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The Security of Cloud Applications
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tdsan
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tdsan,
User Rank: Ninja
7/14/2019 | 8:11:46 AM
Re: Citations Needed
 

This also depends on if it is SaaS, IaaS or PaaS, if the user is responsible for a lax security environment at their site, IaaS will also be lax as well (ask Accenture Federal Services and Attunity). But if SaaS is used and the vendor is responsible for the environment and application (i.e O365, SalesForce, VMware Airwatch), then there are much more stringent controls because the large cloud environments have adopted FedRAMP security practice. FedRAMP has initiated more stringent cloud aspects by looking at the systems from top down (auditing is part of the FedRAMP montra). They look at numerous areas that may not be part of onsite cybersecurity practices - continuous monitoring, application and system inventory, SIEM implementation, WAF, NGFW and hardware inventory, private key management, admin document mgmt.).

Todd
jwdtx
50%
50%
jwdtx,
User Rank: Apprentice
7/11/2019 | 8:55:56 PM
Re: Citations Needed
Thanks for the response, Hillel. This is some of the information I desired. Whether on prem or in the cloud, it seems everyone is struggling to develop secure applications and protect their data. Being a security professional, I guess I am naturally skeptical. Cheers!
hsolow
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hsolow,
User Rank: Author
7/11/2019 | 7:55:36 PM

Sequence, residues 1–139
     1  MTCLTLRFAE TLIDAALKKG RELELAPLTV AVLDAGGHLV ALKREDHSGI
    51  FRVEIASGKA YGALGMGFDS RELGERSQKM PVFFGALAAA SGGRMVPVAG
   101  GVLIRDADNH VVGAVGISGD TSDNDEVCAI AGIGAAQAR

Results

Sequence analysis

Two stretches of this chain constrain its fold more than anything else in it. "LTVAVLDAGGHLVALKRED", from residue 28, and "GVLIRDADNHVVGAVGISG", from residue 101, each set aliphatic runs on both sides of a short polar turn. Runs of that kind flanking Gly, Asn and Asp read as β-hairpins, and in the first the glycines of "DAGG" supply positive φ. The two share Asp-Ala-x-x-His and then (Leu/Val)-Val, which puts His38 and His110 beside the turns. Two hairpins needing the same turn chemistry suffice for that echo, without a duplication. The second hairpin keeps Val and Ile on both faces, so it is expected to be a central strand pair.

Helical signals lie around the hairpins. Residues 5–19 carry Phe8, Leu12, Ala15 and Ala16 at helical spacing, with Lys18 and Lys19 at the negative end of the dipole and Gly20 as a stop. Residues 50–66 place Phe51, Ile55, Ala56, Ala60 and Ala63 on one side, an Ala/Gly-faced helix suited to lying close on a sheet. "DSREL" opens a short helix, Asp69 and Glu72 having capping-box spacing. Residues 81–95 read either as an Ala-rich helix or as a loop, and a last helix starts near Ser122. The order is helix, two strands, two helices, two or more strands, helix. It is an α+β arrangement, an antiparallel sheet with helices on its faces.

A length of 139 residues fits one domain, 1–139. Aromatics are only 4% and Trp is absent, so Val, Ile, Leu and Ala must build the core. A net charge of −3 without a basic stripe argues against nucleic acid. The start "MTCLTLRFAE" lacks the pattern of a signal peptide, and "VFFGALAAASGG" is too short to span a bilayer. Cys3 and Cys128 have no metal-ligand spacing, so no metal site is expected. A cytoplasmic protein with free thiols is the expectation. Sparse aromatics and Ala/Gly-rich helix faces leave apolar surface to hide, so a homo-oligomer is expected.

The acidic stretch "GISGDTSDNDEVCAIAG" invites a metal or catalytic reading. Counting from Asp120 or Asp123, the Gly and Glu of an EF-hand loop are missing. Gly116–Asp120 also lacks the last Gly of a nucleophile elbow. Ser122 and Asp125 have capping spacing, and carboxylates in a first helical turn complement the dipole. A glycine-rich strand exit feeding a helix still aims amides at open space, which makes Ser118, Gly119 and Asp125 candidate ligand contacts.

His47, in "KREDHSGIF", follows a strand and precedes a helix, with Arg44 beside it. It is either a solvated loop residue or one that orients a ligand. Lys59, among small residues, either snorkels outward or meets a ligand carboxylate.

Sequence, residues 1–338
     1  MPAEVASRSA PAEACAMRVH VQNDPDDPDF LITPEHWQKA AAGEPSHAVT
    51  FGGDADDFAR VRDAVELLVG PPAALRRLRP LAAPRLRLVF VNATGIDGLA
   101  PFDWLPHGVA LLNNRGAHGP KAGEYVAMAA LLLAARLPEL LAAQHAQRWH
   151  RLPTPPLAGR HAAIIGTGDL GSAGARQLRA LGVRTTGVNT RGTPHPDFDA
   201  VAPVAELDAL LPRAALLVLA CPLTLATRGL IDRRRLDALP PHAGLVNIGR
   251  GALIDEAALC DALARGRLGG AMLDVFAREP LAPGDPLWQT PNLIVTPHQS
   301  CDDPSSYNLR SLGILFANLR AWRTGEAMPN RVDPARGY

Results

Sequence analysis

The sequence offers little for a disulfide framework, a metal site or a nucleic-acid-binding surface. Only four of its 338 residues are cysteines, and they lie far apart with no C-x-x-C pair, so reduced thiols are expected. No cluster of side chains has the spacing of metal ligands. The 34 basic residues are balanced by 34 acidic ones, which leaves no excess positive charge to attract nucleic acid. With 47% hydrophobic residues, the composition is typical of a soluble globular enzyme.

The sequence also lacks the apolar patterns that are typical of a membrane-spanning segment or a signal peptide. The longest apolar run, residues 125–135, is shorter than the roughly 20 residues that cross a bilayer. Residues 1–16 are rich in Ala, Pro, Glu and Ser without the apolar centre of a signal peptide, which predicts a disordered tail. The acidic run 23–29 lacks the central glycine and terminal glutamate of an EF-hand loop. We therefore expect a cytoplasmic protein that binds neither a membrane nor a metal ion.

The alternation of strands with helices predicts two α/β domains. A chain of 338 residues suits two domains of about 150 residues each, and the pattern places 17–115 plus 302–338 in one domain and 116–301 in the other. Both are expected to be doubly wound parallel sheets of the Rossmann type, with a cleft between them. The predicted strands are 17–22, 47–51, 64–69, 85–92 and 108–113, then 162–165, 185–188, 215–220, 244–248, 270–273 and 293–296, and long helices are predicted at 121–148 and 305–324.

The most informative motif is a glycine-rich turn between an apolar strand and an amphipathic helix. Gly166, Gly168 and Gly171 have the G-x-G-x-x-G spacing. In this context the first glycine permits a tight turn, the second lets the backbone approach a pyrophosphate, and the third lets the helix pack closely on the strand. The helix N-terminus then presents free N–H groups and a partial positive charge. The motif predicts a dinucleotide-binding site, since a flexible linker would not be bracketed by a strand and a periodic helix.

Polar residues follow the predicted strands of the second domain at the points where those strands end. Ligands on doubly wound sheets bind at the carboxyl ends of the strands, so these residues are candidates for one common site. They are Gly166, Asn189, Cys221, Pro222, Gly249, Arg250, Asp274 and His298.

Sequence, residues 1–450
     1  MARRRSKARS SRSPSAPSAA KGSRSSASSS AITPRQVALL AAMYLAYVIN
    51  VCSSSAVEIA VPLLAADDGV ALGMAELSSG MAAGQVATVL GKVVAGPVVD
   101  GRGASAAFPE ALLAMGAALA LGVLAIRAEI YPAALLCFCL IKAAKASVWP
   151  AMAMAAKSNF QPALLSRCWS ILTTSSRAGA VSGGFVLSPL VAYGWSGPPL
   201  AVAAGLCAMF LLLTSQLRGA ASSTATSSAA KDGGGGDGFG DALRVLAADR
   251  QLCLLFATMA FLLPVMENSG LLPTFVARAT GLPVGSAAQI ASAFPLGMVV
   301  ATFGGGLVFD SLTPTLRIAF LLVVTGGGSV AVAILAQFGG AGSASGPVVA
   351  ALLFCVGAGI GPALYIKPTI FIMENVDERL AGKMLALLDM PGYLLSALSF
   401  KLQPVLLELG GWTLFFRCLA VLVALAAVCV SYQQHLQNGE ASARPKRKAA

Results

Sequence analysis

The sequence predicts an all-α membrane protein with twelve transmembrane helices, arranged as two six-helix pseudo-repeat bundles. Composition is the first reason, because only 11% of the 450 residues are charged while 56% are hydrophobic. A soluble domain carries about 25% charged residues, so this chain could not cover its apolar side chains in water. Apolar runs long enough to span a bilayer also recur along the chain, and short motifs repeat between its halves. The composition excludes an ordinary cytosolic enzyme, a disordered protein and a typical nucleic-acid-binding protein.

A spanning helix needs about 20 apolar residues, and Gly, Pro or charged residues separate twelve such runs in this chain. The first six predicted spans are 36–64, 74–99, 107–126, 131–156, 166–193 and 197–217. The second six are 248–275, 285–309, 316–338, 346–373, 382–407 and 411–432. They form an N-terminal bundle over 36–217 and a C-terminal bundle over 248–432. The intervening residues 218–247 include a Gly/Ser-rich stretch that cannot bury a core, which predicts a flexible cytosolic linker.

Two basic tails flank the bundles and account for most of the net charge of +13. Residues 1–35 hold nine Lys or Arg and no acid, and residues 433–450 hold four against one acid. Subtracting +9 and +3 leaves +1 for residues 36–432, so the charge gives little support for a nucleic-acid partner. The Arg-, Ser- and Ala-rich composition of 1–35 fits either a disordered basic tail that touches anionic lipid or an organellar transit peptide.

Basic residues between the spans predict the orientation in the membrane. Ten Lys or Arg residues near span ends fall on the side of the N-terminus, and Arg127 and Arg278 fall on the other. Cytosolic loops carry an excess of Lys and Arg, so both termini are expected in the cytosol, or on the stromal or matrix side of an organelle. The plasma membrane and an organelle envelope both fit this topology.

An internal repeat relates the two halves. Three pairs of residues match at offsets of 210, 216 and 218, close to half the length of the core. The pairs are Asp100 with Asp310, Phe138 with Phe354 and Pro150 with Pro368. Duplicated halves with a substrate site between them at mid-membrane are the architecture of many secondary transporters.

Re: Citations Needed
Hey @jwdtx,

Thanks for your feedback. 

The Magecart attacks are an interesting point, but I think that drawing conclusions about application security from the issue of S3 public bucket misconfiguration is somewhat spurious. I agree that there are specific areas like this one where better processes and defaults are needed to put these attacks behind us. Overall, however, cloud seems to still be on top. (See https://resources.infosecinstitute.com/where-is-your-data-safer-in-the-cloud-or-on-premise for example).

When it comes to my claim that serverless stands to make application security better, this is something we at Protego have spent a lot of time on. The ability to apply fine-grained IAM role decisions are the function level, for example, is an incredibly powerful tool. Yes, you need tools and automation to keep up, but if you do, you have made a huge leap forward.

Finally, you seem to have conflated DevOps with serverless. I don't contest that the move to DevOps has brought a renaissance of bad habits. In Protego we see an increase in susceptibility to SQL injection in many customers' applications, for example. But organizations do DevOps on-prem, with EC2s, and with containers, as well. The move to serverless, on the other hand, create new opportunities to do better at defending these challenges and limiting their blast radius.

Let me know if I've won you over... :-)

Hillel
jwdtx
50%
50%
jwdtx,
User Rank: Apprentice
7/11/2019 | 1:43:30 PM
Citations Needed
The author makes a number of claims about the superiority of security in a cloud environment, but fails to provide citations with hard data. The recent Magecart attacks against 17000 AWS sites is an example of how organizations are struggling with securing cloud apps. Contrary to the author's assertion that serverless apps will improve application security, WhiteHat Security has reported that DevOps teams are producing code with more vulnerabilities than teams building "monolithic" web apps.


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